Case Study on How Not to Design a Data Driven Experiment

During my 7 year tenure at NTEN, I’ve had the pleasure of looking at a lot of data, and figuring out ways to use that data in strategic ways to drive the organization and our community forward.

In late spring of 2012, one thing that had been on my radar for awhile was an interesting correlation between our membership renewal rates and event registrations. Specifically, members who had registered for at least one NTEN event over the course of the year were 37% more likely to renew.

After presenting this finding to staff, my hypothesis was that if we were able to increase event attendance, we should see an increase to our struggling renewal rate. This seemed reasonable enough to everyone, so as an experiment we decided to try making all our summer programming free to members in order to increase attendance.

Going into the experiment, I already had a few reservations about our methodology and how exactly we were going to track the results, but momentum pushed us on with the thought that we could sort out those details once we had all the data in front of us. As they’d say on “How I Met Your Mother”, that was a problem for “Future NTEN”.

Jumping forward three months when it was time to actually analyze the data, it quickly became clear that our poor methodology and lack of planning had doomed us to a quagmire of inconclusive results, not to mention any lost staff time or webinar revenue. Of course, it wasn’t a complete loss as we did learn several valuable lessons in how not to design a data driven experiment.

Specifically, my top 5 takeaways from the experience are:

  1. Don’t change too many variables: While we did actually see a jump in attendance for those free events, we forgot to account for the fact that our event calendar that summer and the rest of the year was vastly different than any previous year, meaning there were already far too many variables in play for us to see what affect our “free events” change had actually had. There was also the issue that our renewal numbers are based on a full year of data, while this experiment only ran for 3 months, adding a further layer of difficulty to any analysis.
  2. Setup a control case: In addition to dealing with too many variables, we also had no way of telling what would have happened had we not made those events free. This meant that even if our results had shown a clear shift to support or disprove our hypothesis, there still would have been a question of whether that shift was a result of our experiment or just a random change that would have occurred regardless of what we had done.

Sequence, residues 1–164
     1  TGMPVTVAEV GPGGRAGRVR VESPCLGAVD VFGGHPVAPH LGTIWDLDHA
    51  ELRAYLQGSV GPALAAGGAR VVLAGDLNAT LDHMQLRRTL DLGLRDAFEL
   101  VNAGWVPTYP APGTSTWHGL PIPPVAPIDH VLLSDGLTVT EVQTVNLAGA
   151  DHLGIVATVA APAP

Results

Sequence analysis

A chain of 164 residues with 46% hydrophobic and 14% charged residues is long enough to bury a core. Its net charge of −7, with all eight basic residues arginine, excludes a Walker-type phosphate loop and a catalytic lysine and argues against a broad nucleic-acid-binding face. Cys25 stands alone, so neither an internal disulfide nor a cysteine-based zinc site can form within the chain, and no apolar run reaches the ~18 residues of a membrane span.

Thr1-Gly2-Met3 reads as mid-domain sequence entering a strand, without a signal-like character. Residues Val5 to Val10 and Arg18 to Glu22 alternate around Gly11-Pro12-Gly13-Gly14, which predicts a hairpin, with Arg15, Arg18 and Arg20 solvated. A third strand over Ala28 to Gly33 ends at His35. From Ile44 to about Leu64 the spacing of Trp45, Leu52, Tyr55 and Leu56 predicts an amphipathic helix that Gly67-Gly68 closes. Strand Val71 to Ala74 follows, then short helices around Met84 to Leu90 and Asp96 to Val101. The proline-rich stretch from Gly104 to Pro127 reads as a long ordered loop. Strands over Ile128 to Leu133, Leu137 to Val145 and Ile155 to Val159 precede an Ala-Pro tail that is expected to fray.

3. Plan out the full experiment ahead of time, including the analysis: We likely would have foreseen many of these issues had we made a plan for the exact data we’d be looking at after the experiment, and how that data was going to help us prove or disprove our hypothesis. Unfortunately by not doing this work up front, we instead ended up with a lot of cloudy data that just raised several new questions instead of answering the one we were asking.
  4. Start with small, easy to design experiments: This was by far the largest data driven experiment NTEN had tried to date, and our lack of experience clearly showed. Looking forward, our new plan has been to hone our skills with smaller, easier to design experiments, and build a foundation of experience that will eventually allow us to explore these larger and more comprehensive strategic questions.
  5. Double check your plan against the scientific method: As a physics major in college, the scientific method was well ingrained in me at that time. However, as this failed experiment plainly demonstrates, the 10+ intervening years have somewhat lessened it’s hold on me. Now while I’m not suggesting you incorporate strict double blind testing for every website A/B test you conduct going forward, it is still worth re-familiarizing yourself with the scientific method concepts in order to catch any major flaws in your experimental plan.

So with any luck, my next blog post on this topic will be about “Future NTEN’s” successes with data driven experiments, but in the meantime hopefully you can benefit from these lessons we learned the hard way.

Karl Hedstrom
IT Director
Karl believes strongly in the power of technology to make our world a better place. While serving as a Peace Corps Volunteer in Niger (’04-’06), he experienced first hand many of the positive impacts cell phones and other newly introduced technologies were starting to bring to his rural village and the entire development sector in West Africa. Following his service, he was inspired to find a career at the emerging intersection of technology and social good, and had the good fortune to join the NTEN team as an AmeriCorps Volunteer in late 2006. For over a decade now, Karl has been working behind the scenes to improve NTEN’s use of technology to effectively meet its mission, and in effect striving to support all nonprofits in doing the same. Karl earned a BA in physics from Pomona College, and now lives in Seattle with his wife, two sons, yellow lab, and a pair of ragdoll cats who can often be seen sleeping on cat shelves in the background of his video calls. Outside of work you’ll find him playing volleyball, disc golf, Pokemon Go, or hiking and exploring the amazing Pacific Northwest with his family.